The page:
The most recent paper, “The Potential Oil and Gas Resource Base in Nova Scotia Accessible by Hydraulic Fracturing,” does not contain information to support a potential oil and gas base in Nova Scotia. The paper does not address resource quantification beyond existing wide-ranging estimates, and makes it difficult for a non-technical reader to follow the author’s logic in coming to the papers conclusion.
- This paper has the tone of a promotional brochure for the oil and gas industry, and does not reflect a balanced conversation about the potential resources, transportation issues, potential local use of the resource, environmental costs, downgrading of resources in other jurisdictions, and potential for higher recovery based on non-existent technologies.
- The report highlights that companies carefully scrutinize risks and uncertainties for their investment, but there is no mention of the majority of wells in this industry which do not produce economic volumes, nor is there mention of the rare “sweet spots” in this industry- the only source of significant income for many plays across North America. There is significant discussion right now around natural gas Ponzi schemes, investment bubbles, and downgrades of companies on financial indexes. These issues are not addressed in either the economic paper nor the resource potential paper.
- There are considerable inconsistencies around the size of the resource- in some sections stating there is high potential and in others stating that the potential is unknown.
- This report does not sufficiently cite the source of their information for many sections, making it impossible to assess the credibility of statements.
- The report makes no mention of existing resource exploration experiences with Triangle or Petroworth- these are significant test cases for this area and would highlight many complicating factors (geology, regulations, enforcement, waste management, etc).
- The lack of information in this report about the Windsor-Kennetcook basin is an indication that the government does not have the capacity to meaningfully assess or to research Nova Scotia’s geological resources.
- Since the release of this report, the US government has downgraded the estimate for the Monterey Shale in California. Since the Monterey is the most similar to the Windsor-Kennetcook basin, it is important to include this information, and describe realistic consequences of resource downgrading, as has occurred across North America.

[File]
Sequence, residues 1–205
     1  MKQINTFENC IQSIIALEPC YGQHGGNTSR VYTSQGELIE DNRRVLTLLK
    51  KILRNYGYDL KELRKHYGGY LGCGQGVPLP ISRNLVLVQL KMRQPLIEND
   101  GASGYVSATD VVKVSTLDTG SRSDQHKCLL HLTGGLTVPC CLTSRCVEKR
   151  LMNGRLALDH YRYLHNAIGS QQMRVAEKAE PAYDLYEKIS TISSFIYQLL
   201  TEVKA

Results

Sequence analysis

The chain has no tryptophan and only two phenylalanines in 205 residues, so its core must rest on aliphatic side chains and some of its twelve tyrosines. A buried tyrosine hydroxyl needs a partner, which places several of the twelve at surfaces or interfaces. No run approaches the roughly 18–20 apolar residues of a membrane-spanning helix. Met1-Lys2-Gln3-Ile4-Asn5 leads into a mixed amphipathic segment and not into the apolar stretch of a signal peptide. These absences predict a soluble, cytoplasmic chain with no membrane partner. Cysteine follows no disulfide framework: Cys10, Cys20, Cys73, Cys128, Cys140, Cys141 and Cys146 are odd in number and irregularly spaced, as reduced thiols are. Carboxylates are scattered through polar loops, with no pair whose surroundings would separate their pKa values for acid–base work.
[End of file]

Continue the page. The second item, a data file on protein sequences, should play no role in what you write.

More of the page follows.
- The author introduces the topic of roads and bridges in this chapter without addressing the costs of maintenance and replacement of infrastructure after industrialized traffic passes over them for a number of years. The road repair priority for the province is a reflection of current road uses and not the industrialized traffic that occurs in rural fracking areas.
- Resource estimates in the conclusion should be coupled with the likely rate of recovery (5-25%) and any potential downgrade amount in similar plays (95% in the Monterey) to give a more realistic view of the potential resource.
- Coal bed methane is an important resource to discuss in the Nova Scotia context however a meaningful review would include coal bed methane in every chapter. As CBM was not mentioned in the previous chapter on economics, it is misleading to mention the resource potential of CBM when the economic costs and benefits have not been previously addressed.
Paper 3 does not provide any additional useful information about the potential oil and gas resource base in Nova Scotia accessible by hydraulic fracturing. Information provided in this paper, and in papers provided by Dr. Duncan Keppie and the Post Carbon Institute suggest that Nova Scotia is not likely to have significant shale gas resources which could be recoverable through hydraulic fracturing.
– Steering Committee of the Nova Scotia Fracking Resource and Action Coalition